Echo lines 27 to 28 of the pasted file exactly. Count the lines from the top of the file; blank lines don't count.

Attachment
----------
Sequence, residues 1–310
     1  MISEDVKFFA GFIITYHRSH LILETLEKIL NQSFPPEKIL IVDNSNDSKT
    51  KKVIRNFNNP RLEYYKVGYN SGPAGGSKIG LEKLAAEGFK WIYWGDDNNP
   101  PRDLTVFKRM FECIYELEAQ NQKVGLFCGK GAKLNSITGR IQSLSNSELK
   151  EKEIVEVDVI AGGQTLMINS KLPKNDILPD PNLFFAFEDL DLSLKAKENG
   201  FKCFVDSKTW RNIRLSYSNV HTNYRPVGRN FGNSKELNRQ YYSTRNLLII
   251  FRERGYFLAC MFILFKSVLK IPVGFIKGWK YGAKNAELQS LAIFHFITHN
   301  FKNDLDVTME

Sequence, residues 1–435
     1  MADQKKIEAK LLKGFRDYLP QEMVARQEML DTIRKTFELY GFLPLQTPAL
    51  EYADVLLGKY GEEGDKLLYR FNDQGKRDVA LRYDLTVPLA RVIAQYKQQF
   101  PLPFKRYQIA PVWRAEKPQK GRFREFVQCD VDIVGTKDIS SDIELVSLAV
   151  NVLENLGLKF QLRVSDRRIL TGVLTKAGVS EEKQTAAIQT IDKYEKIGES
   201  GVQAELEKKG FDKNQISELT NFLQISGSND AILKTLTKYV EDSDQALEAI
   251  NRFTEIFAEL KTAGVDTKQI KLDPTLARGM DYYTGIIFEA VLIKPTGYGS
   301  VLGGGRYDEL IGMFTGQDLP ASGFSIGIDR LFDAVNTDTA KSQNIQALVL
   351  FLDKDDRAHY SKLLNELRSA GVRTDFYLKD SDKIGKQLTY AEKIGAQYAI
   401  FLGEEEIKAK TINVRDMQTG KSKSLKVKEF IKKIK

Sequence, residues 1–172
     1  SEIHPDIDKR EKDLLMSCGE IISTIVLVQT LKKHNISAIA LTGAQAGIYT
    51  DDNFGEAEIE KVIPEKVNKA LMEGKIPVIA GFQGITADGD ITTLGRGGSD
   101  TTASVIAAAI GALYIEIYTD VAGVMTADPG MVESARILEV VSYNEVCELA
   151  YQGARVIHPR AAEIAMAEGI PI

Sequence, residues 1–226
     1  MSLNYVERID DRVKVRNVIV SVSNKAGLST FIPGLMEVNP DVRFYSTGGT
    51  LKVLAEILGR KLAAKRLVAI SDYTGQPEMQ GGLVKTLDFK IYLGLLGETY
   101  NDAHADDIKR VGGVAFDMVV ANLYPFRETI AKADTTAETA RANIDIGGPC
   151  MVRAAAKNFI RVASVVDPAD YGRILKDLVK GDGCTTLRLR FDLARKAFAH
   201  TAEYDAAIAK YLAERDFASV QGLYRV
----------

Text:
   101  NDAHADDIKR VGGVAFDMVV ANLYPFRETI AKADTTAETA RANIDIGGPC
   151  MVRAAAKNFI RVASVVDPAD YGRILKDLVK GDGCTTLRLR FDLARKAFAH